Boat Reviews

Dufour 385

by Sail Staff, Posted February 28, 2005
Ever since Dufour Yachts was purchased by Cantiere del Padro several years ago, older Dufour designs have been systematically replaced with newer, more stylish models. Italian designer Umberto Felci first drew new 34-, 40-, and 44-foot performance cruisers, and now he's turned his eye to a new 38-footer that is the first in Dufour's revamped cruising line. The

Oyster 525

by Sail Staff, Posted August 8, 2008
Yet another new Oyster is under way, and as usual the design emphasis is a balanced combination of performance, comfort, and solid construction.Designer Rob Humphreys has given the new yacht a larger cockpit than other designs in the size range. And like all Oysters, it is ergonomically designed for comfort. Belowdeck accommodations include a spacious saloon, three guest cabins, and an

Leopard 38

by Sail Staff, Posted June 15, 2010
Over the last decade, South African company Robertson and Caine has become one of the world’s leading multihull builders, thanks in no small part to its association with charter companies The Moorings and Sunsail. For many years it has produced boats under two names—its own Leopard brand name, and that of the Moorings. The latest cat to emerge from this busy company is the Leopard 38, aka the

Boat Review: J/88

by Adam Cort, Posted October 2, 2013
Years ago, I spoke with a young naval architect who was critical of J/Boats, because of the fact that all their boats tended to look the same. The only way to tell them apart, he said, was by counting the portlights in the cabintrunk.

Com-Pac Eclipse 20

by Bill Springer, Posted August 10, 2005
The 20-foot Eclipse by Com-Pac Yachts makes a strong case for the idea that you don’t need to spend an arm and a leg to be able to sail to your favorite anchorage, eat a hot meal, and sleep in a comfortable bunk. This trailerable coastal cruiser has all the right features—an easy-to-rig mast, simple sailing systems, a centerboard that reduces draft to 1 foot, 6 inches, and a

MacGregor 26M

by Sail Staff, Posted September 23, 2004
The MacGregor 26M is the latest version of Roger MacGregor's successful MacGregor 26X. This remarkable 26-footer can reportedly log speeds of over 21 knots under power, float in 12 inches of water, and sleep six. It has a galley and an enclosed head. Stability under sail comes from 300 pounds of permanent ballast, 1,150 pounds of easily removable water ballast in the hull, and a narrow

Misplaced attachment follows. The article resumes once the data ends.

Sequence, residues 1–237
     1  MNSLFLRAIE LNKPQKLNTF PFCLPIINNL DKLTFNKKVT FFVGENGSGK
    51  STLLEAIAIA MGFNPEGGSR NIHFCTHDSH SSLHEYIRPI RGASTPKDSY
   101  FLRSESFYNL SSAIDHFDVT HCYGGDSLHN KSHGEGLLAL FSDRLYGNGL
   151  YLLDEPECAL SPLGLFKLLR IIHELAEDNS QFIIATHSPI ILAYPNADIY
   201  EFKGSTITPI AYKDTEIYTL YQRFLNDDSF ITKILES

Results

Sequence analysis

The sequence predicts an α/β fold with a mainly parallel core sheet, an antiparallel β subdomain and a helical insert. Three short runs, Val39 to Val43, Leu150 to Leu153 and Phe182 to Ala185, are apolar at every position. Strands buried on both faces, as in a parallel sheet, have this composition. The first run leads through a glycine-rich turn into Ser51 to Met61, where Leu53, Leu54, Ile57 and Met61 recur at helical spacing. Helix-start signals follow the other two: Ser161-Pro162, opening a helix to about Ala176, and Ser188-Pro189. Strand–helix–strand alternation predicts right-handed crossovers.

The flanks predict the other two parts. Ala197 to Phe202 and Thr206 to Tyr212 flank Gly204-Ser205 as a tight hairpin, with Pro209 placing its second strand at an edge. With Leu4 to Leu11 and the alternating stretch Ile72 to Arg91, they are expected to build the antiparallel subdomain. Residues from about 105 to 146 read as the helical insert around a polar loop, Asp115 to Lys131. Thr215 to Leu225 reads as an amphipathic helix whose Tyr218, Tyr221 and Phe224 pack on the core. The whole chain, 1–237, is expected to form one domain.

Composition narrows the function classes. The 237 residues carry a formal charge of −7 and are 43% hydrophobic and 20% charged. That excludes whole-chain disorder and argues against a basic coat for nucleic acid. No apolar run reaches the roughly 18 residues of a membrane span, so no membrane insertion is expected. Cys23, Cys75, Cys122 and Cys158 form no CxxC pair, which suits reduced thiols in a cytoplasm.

Jeanneau has made a splash breaking into the market for deck-saloon cruisers over the past few years, but it has also done a very good job of updating its bread-and-butter boats, as seen in the new Sun Odyssey 49. The SO 49 replaces the SO 45, a staple boat in charter fleets around the world, and, like its predecessor, it is very focused on the needs of this market.

Elan 384

by Tom Dove, Posted September 5, 2006
Sometimes a boat catches your imagination immediately. Sometimes you have to sail the boat to appreciate it. I didn’t find anything revolutionary during my dockside inspection of the new Elan 384. The open transom made it easy to board. The deck was user-friendly, with good walkways and cabintop access. The optional teak decks made a secure nonskid surface, and grabrails fell to hand easily when

J/65

by Kimball Livingston, Posted September 28, 2006
In the business world, planners often wonder whether a given model will “scale.” In the sailing world that’s not critical, but it’s interesting when it happens, and rarely has a design concept been carried as far as J Boats has gone with its new J/65. Two are in the water now, in the hands of experienced owners. While the interior spaces and systems were customized for each owner, the

Hoek 180

by Sail Staff, Posted October 5, 2006
This 180-foot aluminum ketch by Andre Hoek set sail last May after being launched from the Vitters shipyard in The Netherlands. The yacht, which took five years to design and build, has long overhangs, relatively low freeboard, and a narrow beam (only 31 feet) for its length. After sea trials, and commissioning Adele left for an extended summer cruise to the Lofoten Islands, which lie well beyond
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